Environmental reporter Andrew Blackwell was inspired to write Visit Sunny Chernobyl after realizing he hadn't had much personal contact with Eco Disaster Sites. Before writing the book, he did a sort of Eco Disaster World Tour as research.
His book is an exploration in contradictions. Such as how is it that a radioactive site like Chernobyl becomes a defacto wildlife refuge/ nature habitat? Read more in this insightful, humorous and also penetrating look at how our Eco Disaster Sites have greater breadth in their identity than simply locations of extreme environmental degradation.
When it comes to design, nature is hard to beat - and with food packaging nature is no different. Can you think of a package more perfect than a banana skin or an orange peel? With millions of tons of plastic packaging adding up in landfills each year, it's time to try and replicate nature's designs with natural wrapping for manufactured food. Two new companies are currently developing fully edible and delicious wrappers for their products – a step in the right direction.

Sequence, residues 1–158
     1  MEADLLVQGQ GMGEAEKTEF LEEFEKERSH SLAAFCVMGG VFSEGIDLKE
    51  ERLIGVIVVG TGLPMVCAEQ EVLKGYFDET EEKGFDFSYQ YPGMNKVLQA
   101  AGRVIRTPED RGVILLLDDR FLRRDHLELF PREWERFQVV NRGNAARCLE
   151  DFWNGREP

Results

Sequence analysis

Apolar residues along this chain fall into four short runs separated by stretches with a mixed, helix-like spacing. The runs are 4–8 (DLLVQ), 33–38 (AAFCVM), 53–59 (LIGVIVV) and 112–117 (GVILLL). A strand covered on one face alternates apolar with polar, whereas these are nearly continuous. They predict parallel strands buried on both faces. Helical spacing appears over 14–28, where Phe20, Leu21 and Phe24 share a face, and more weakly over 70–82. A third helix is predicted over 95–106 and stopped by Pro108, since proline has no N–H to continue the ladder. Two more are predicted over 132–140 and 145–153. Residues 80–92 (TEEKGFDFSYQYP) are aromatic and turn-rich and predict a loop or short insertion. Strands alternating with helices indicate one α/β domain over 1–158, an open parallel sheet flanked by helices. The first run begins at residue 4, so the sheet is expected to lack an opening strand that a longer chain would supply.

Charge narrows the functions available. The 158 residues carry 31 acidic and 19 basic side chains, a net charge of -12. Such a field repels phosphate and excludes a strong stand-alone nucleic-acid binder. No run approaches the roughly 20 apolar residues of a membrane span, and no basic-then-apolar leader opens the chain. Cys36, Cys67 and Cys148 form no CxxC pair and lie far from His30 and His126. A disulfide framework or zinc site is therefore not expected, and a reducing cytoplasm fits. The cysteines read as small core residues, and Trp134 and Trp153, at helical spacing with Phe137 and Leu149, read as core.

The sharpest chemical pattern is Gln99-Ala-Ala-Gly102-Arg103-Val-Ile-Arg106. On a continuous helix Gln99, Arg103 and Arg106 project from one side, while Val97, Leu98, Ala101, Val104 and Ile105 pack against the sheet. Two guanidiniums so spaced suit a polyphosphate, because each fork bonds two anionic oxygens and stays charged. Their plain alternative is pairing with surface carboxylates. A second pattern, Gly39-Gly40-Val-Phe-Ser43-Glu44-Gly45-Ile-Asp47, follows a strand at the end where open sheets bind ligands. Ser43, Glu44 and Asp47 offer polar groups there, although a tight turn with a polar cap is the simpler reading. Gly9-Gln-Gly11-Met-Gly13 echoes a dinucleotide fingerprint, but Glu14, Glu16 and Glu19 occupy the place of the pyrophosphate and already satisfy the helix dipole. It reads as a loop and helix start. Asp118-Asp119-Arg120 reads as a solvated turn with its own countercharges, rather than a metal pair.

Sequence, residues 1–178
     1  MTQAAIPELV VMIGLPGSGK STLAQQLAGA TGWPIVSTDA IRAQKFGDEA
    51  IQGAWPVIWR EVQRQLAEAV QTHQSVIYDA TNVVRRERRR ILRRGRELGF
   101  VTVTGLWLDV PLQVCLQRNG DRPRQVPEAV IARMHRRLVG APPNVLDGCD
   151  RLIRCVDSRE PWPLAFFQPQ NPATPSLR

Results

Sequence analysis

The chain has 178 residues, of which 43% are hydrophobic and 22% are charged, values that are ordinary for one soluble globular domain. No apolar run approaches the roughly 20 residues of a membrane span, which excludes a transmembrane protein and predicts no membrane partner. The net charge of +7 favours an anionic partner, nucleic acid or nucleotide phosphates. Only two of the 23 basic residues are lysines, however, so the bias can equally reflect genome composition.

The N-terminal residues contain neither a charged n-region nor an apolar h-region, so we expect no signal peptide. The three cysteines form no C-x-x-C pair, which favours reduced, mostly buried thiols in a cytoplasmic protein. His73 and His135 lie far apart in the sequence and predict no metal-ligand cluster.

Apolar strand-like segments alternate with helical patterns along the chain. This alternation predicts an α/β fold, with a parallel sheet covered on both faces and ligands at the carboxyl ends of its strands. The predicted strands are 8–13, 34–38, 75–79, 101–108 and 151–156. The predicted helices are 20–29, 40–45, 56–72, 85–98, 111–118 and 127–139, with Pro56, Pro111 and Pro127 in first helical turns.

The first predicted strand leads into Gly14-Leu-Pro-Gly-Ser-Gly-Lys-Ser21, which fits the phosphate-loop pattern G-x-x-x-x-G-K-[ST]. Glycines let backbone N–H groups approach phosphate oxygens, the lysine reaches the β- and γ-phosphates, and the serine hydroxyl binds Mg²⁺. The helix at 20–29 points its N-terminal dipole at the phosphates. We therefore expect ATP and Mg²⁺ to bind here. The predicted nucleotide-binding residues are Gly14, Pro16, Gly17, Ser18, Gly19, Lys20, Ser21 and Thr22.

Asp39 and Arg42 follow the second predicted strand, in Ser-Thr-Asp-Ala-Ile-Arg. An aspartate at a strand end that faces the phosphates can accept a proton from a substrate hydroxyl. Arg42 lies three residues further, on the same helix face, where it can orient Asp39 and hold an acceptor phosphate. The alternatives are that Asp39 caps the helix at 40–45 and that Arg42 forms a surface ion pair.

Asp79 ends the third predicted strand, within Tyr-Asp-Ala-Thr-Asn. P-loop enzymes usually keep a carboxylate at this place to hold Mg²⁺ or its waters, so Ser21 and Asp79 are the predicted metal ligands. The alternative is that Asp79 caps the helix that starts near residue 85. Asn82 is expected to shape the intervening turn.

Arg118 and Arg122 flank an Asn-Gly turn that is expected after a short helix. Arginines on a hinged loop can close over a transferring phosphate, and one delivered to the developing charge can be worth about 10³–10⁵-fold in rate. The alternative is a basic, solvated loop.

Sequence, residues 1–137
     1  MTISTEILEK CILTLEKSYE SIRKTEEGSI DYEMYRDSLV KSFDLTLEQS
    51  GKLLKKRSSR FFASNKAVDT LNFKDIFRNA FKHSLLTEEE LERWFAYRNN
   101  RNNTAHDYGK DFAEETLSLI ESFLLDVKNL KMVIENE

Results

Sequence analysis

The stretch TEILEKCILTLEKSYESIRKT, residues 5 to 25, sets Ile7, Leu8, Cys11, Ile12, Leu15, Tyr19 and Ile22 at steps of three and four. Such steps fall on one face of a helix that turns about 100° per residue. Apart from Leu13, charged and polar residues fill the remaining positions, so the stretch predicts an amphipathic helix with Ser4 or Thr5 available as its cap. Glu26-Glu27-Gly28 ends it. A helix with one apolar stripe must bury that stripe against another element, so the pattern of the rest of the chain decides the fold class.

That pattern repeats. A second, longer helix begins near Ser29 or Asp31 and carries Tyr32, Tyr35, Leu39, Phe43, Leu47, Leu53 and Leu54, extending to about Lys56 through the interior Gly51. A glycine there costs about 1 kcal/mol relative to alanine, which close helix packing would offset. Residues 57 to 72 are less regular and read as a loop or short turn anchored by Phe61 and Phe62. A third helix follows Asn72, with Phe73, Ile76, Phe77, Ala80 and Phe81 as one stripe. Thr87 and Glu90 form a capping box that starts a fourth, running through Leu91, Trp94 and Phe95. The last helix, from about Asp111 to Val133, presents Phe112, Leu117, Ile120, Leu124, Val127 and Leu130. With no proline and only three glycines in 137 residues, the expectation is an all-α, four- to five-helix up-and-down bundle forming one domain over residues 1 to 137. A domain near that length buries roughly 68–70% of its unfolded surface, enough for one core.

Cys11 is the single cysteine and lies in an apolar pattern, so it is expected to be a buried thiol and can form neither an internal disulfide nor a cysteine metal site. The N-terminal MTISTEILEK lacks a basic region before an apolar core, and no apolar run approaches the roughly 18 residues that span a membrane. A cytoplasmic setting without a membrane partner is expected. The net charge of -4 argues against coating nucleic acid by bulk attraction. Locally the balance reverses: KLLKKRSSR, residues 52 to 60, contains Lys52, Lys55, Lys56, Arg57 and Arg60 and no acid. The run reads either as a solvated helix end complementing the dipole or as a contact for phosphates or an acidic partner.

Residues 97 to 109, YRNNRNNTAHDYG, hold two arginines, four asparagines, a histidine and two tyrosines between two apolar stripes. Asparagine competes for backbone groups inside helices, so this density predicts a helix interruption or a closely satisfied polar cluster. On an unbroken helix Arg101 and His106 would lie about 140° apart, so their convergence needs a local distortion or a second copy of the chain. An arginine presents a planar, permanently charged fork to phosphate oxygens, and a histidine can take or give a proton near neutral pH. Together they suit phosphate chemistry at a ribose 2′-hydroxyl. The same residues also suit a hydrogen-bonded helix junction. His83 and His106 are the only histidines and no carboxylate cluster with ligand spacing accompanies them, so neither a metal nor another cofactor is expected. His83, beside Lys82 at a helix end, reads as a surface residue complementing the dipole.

WikiCells - founded by David Edwards, a chemical engineer at Harvard - are currently working on products surrounded by soft skin that can be composed of an edible mixture of biodegradable polymer and natural ingredients. These ingredients include everything from chocolate to dried nuts and seeds. While currently still in the development stage at present, future products include a tomato membrane stuffed with gazpacho, a fanciful chocolate-flavoured skin filled with hot chocolate, and a wine-filled grape shell. At the moment WikiCells products are targeted towards food businesses and restaurants, but will soon make their way into supermarkets for the general public.
Another company developing edible wrappers is MonoSol, which has already produced water-soluble casings for washing detergent. They plan to use this same technology to create single servings of porridge, hot chocolate and other food items with no need to throw away the wrapper. In the future it's thought that this technology could be applied to packaging for everything from milk to yogurt, potentially doing away with the need for plastic packaging forever. This would be great news for the environment and consumers, as natural packaging is likely to reduce the cost of produce in the long-term. However, if you're not so keen on eating your bottle after drinking its contents just yet, Vegware and other similar companies are currently manufacturing fully compostable containers - a crucial first step towards eliminating the throwaway wrapper.
Eco.Luxury.Style - Men's Sustainable Fashion Issue
by Nadine Weil
Recycle, Reuse, Rejoice!
GREAT BEAR RAINFOREST SET TO SHINE IN WORLD PREMIERE